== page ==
Shopping for Unrestricted Free Agents

Teams often turn to the NBA draft to change their fortunes.  A few days ago, Erich Doerr provided a wonderful analysis of how much talent teams will find at the end of this June. Although there does appear to be some players who can help next year, it’s important to remember one basic fact about NBA rookies: Most rookies suck!!!

“Suck”, by the way, is a technical term often employed by economists for resources that do not perform up to expectations. 

Okay, I just made that up.  But Seth Stevenson at Slate.com did provide a wonderful defense of this word, and I think it does apply in this case.

Given the inability of rookies to consistently make much of a contribution, teams might turn to other places to find talent.  And one of those places is the free agent market.

The Unrestricted Free Agent Market

According to ESPN.com, there are 100 unrestricted free agents available this summer (included in this list are free agents with early termination options, player options, and team options and I am going to pretend all of these are actually available).  Of these, 58 appeared in at least 41 games this past season and also averaged at least twelve minutes per game (which means 42 did not meet these minimum thresholds).

Table One reports how well each of these players performed with respect to Wins Produced per 48 minutes [WP48] and NBA Efficiency per 48 minutes [NBA48]. 

Table One: The Unrestricted Free Agents of 2008

NBA Efficiency -as The Wages of Wins argues – is not a great measure of actual productivity (despite being highly correlated with Game Score and PER). But NBA Efficiency is a very good representation of how talent is perceived (by both the media and NBA insiders).  In contrast, WP48 is connected to team wins.  But it’s not as correlated with player salaries and the voting for post-season awards. In sum, each measure gives a different perspective on performance and can be thus used to determine which free agents are likely to be overpaid or underpaid.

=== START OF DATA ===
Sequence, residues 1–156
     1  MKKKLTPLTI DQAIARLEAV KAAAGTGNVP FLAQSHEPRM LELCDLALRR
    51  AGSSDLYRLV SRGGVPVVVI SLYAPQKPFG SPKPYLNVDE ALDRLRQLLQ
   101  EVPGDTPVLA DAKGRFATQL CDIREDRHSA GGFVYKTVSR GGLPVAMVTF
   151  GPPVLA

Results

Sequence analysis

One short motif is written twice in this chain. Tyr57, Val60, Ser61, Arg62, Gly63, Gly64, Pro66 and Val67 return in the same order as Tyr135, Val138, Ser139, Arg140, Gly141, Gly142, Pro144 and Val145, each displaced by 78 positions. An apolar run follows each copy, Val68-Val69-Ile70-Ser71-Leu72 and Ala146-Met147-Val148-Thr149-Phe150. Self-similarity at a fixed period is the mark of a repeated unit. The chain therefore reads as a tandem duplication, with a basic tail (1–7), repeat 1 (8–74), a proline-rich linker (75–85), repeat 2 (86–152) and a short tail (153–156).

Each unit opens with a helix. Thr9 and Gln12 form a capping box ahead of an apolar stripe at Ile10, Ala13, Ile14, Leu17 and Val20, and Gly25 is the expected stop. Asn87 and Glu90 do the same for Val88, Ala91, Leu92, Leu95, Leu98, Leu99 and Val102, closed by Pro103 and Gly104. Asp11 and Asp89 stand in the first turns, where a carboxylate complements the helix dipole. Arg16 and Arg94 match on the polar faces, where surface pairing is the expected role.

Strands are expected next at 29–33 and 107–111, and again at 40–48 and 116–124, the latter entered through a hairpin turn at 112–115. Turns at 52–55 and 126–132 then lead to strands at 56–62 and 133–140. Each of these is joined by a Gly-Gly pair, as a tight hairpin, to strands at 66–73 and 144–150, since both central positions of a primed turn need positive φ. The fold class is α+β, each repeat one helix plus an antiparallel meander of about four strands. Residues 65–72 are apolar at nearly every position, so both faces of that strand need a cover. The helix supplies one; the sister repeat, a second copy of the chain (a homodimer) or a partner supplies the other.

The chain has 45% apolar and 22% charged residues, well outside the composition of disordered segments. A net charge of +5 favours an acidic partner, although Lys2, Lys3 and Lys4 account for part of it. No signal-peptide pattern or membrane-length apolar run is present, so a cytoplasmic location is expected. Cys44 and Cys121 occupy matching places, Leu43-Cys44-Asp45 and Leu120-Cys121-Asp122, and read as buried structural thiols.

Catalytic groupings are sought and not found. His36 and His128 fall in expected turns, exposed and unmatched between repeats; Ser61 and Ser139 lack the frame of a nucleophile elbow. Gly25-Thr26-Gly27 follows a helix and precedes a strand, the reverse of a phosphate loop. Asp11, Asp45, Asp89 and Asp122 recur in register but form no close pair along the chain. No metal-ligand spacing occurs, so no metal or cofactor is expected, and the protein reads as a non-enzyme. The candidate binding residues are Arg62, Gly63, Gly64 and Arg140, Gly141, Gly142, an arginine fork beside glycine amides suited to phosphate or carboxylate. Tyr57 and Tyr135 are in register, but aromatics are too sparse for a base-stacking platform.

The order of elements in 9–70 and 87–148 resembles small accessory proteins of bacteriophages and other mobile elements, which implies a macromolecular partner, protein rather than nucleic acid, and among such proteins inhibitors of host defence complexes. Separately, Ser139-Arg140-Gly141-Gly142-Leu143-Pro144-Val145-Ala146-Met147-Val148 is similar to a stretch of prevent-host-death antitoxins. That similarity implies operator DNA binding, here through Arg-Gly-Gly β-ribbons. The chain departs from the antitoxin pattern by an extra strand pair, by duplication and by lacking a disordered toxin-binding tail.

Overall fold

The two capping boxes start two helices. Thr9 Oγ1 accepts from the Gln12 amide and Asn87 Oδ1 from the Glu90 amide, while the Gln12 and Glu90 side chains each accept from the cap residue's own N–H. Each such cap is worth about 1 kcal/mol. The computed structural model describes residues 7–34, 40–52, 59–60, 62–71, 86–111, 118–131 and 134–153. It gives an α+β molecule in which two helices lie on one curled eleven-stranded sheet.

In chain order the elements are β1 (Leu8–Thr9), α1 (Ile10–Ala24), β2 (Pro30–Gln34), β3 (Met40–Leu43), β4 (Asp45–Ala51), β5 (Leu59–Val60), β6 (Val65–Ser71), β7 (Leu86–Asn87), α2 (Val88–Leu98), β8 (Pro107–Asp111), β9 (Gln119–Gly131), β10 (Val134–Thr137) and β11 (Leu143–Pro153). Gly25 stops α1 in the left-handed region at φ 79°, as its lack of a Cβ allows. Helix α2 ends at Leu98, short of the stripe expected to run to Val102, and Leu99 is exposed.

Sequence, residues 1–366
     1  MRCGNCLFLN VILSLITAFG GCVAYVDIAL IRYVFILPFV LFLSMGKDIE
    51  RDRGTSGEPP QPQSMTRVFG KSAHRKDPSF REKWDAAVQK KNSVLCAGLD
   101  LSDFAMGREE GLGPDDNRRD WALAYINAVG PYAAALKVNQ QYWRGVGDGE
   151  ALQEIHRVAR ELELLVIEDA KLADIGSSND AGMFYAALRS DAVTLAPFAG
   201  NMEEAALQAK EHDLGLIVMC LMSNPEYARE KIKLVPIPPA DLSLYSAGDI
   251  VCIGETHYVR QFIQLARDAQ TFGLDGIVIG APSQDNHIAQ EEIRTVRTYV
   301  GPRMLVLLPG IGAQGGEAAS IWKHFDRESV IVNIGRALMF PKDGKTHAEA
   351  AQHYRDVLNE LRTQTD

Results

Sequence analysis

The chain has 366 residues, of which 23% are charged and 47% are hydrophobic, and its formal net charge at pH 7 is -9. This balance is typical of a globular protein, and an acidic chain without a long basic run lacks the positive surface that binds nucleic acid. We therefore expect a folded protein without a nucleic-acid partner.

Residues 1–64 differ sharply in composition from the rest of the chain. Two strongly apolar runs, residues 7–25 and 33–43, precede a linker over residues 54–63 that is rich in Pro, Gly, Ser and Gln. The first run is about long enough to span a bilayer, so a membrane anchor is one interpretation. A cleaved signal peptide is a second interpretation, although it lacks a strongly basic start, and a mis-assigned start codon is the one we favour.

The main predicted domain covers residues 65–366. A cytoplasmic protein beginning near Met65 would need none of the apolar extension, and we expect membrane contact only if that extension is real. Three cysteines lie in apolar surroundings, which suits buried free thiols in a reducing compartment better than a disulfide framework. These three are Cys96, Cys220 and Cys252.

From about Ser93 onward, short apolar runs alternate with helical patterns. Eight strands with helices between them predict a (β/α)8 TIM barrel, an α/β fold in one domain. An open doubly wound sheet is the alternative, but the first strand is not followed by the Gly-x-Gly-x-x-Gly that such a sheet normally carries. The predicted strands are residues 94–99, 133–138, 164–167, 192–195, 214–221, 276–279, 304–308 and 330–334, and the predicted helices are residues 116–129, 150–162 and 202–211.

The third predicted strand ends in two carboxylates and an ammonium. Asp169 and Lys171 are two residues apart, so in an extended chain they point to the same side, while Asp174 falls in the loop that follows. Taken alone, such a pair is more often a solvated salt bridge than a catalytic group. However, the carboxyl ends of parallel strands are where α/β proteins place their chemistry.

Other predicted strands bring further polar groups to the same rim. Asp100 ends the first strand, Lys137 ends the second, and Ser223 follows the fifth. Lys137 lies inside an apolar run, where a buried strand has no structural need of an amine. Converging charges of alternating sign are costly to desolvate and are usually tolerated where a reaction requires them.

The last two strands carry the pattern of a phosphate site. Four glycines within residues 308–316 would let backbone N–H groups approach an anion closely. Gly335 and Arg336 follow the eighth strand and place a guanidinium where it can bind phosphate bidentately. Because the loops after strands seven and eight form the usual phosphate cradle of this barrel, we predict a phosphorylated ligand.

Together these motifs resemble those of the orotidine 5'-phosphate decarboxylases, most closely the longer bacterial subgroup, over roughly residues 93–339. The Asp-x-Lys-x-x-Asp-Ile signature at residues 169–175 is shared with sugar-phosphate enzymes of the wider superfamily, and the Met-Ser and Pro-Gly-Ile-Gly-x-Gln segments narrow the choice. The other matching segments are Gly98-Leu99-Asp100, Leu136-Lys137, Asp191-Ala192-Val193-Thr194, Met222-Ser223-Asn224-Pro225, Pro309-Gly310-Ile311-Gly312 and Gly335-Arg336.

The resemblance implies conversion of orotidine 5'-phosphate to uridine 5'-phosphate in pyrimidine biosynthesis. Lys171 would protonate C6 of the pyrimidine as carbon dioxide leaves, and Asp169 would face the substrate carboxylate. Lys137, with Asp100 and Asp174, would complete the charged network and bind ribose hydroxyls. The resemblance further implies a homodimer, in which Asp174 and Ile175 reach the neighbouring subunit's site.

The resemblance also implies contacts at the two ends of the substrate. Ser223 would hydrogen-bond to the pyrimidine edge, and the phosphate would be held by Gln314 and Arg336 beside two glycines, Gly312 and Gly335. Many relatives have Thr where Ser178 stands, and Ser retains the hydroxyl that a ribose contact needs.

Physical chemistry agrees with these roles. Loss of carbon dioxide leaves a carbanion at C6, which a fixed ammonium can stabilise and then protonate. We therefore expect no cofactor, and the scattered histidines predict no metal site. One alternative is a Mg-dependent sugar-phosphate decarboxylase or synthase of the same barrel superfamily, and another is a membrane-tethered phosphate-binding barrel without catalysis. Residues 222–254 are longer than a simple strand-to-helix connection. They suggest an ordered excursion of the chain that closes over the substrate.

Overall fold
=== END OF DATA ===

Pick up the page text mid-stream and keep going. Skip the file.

Before we get to that subject, though, let’s start at the top.  At the top of Table One we see a name that’s likely to be worth what he’s paid.  Shawn Marion is the top unrestricted free agent in terms of NBA48 and WP48.  So although he will help somebody next season, he may not be much of a bargain. This same story also applies to Antawn Jamison and Baron Davis. 

Looking a little further down the list we see DeSagana Diop, Bonzi Wells, Michael Ruffin, and James Posey.  Each of these players is ranked as above average in WP48 but below average in NBA48.  So unlike Marion, Jamison, and Davis, each could be a bargain.  Of course, Wells, Ruffin, and Posey are 31 years old, so if these players are a bargain, it may not be for long.

Searching for bargains is not the only issue in the free agent market.  Teams also want to avoid over-priced players.  And at the bottom of Table One we see some players are probably going to command more than they are worth.  At the top of the list of overpaid players is Jermaine O’Neal.  A few days ago I noted that J. O’Neal was the most overpaid player in the NBA this past season. And although NBA Efficiency indicates he’s still a productive player, WP48 tells a different story.

Table Two: The Career of Jermaine O’Neal

That specific story is told in Table Two. Table Two is an update of a table I posted last January.  And with this table I noted the following:

When we look at O’Neal’s career we don’t see a major star.  His career WP48 is above average, but a mark of 0.143 (prior to the 2007-08 season) pales in comparison to the top players in the game.  Still, O’Neal has generally been a good player and he did lead his team in Wins Produced for three seasons.

What makes O’Neal “good” is his ability to get rebounds and block shots. Shooting efficiency, though, has been a consistent problem.  Except for the 2002-03 season – again, his best year – O’Neal has always been below average with respect to getting his shots to go in the basket.